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Brief Published: 15 Dec 2020

ComplexLand: ComplexCon Goes Virtual with Shops & Drops


US hip-hop, streetwear and pop-culture magazine Complex translated its annual ComplexCon event into a five-day virtual festival (December 7-11), replete with avatars, branded in-game shops and ‘IRL’ street-food delivery. Evolving the pandemic-era virtual launches covered in Virtual Launch Activations, ComplexLand’s aping of a video-game environment has brand opportunities aplenty.

Designed by Canadian agency Jam3, ComplexLand was built in WebGL – a JavaScript API which allows any user to access the game via their desktop or mobile browser without any additional downloads or plug-ins, or the need for wearables such as virtual reality (VR) headsets.

Here’s how it worked:

Personalised Avatars: ComplexLand comprised five ‘neighbourhoods’ within its video-game-like universe. Users, who signed in via a one-click registration through Google or Facebook, were represented by avatars which they dressed by talking with a staff member (also in avatar form) at the ComplexLand entrance, or via a dropdown menu. They could select clothing from brands including Gucci, as well as hairstyles presented by US haircare brand Head & Shoulders. They then traversed the neighbourhoods on foot, or via a gamer-style map that was continually present at the bottom right-hand side of the screen.

Streetwear Stores: Around 50 e-commerce stores were scattered throughout, from brands including Versace, Adidas and Las Vegas streetwear label Feature.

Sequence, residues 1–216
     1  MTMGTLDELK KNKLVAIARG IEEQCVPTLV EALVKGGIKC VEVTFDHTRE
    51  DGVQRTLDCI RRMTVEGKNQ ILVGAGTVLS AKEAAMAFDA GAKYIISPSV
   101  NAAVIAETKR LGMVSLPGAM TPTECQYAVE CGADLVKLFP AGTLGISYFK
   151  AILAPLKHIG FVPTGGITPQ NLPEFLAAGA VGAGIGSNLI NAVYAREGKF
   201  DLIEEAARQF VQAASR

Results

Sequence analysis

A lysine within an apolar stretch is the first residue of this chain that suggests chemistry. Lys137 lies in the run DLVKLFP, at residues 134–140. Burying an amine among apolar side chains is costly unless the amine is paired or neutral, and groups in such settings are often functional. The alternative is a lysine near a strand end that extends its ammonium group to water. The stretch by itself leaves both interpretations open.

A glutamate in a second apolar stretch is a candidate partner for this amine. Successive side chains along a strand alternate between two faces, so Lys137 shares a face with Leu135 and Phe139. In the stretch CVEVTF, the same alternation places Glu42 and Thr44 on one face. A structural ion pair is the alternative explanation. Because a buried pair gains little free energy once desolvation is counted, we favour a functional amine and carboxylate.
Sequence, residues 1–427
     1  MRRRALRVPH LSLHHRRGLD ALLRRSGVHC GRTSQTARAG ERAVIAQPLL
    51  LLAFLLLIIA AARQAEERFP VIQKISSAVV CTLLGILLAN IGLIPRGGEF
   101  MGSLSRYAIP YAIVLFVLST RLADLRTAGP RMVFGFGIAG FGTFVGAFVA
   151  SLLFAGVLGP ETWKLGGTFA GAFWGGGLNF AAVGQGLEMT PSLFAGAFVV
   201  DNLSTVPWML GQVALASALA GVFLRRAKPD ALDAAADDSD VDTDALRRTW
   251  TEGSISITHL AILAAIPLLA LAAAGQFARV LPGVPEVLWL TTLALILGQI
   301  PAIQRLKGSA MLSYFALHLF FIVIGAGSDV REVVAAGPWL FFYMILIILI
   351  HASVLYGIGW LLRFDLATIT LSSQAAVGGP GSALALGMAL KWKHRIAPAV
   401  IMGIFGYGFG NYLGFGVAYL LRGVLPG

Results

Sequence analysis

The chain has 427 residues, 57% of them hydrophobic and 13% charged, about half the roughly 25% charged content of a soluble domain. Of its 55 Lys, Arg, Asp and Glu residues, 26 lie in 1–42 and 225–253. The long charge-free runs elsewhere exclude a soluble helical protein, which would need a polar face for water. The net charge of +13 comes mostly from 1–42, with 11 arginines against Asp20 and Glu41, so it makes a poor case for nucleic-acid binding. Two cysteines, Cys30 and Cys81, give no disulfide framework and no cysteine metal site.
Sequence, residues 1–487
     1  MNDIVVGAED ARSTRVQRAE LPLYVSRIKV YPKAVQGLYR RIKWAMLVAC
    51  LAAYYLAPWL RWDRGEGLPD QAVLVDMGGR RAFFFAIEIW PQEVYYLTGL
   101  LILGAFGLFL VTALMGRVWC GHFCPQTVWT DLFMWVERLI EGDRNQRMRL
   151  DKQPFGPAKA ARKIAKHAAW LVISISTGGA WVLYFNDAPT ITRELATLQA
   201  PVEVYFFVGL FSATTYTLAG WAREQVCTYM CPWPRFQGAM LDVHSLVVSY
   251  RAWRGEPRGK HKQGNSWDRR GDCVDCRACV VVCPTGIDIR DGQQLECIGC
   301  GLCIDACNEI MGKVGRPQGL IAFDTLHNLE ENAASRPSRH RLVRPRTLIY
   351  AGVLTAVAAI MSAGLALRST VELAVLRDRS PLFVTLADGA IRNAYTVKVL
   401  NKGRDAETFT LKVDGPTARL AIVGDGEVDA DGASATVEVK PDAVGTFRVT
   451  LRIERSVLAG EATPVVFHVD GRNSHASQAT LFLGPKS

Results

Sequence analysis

Food Trucks: Users in New York and LA were also able to order from local restaurants via food trucks; clicking on an option from the menu redirected them to the eatery’s preferred food delivery platform.

Each neighbourhood contained a different aspect of the festival. 

Campgrounds (Drops & Homage Spaces): The Campgrounds formed the central area, and were home to shoppable streetwear ‘drops’ and giveaways. They also housed most of ComplexLand’s ‘monuments’, which paid homage to significant individuals and moments previously covered by the title (such as Jay-Z becoming rap’s first billionaire).

Astral Market (Performances): Astral Market hosted discussions (topics included sneaker shopping and cannabis legalisation) and performances from American rappers Jack Harlow and Blxst, among others.

Sunset Lagoon (Music Discovery): At the Sunset Lagoon, users could find out more about the music played on ComplexLand Radio, especially created for the festival. In-game radio was pioneered by video-game series Grand Theft Auto, and is also present in the newly released and much-hyped Cyberpunk 2077. 

The Boro (Artist Showcases): The Boro offered sculptures, books and prints from artists including London-based illustrator Steph Morris, Italian creative Fidia and British rapper Kano – all of whom could sell their work in-game.

Hi-Bye (Streetwear Marketplace): Hi-Bye was a digital marketplace dedicated to exclusive product from Complex-curated up-and-coming brands including American designer (and former stylist of Kanye West) Darryl Brown, and New York’s Saint Ivory. Visitors were able to buy in-game, adding product from multiple brands to a basket as they browsed ComplexLand’s stores.

For more on how to monetise virtual worlds, see The Metaverse Opportunity. Also see our upcoming report, Virtual Flagships, publishing on 14 January.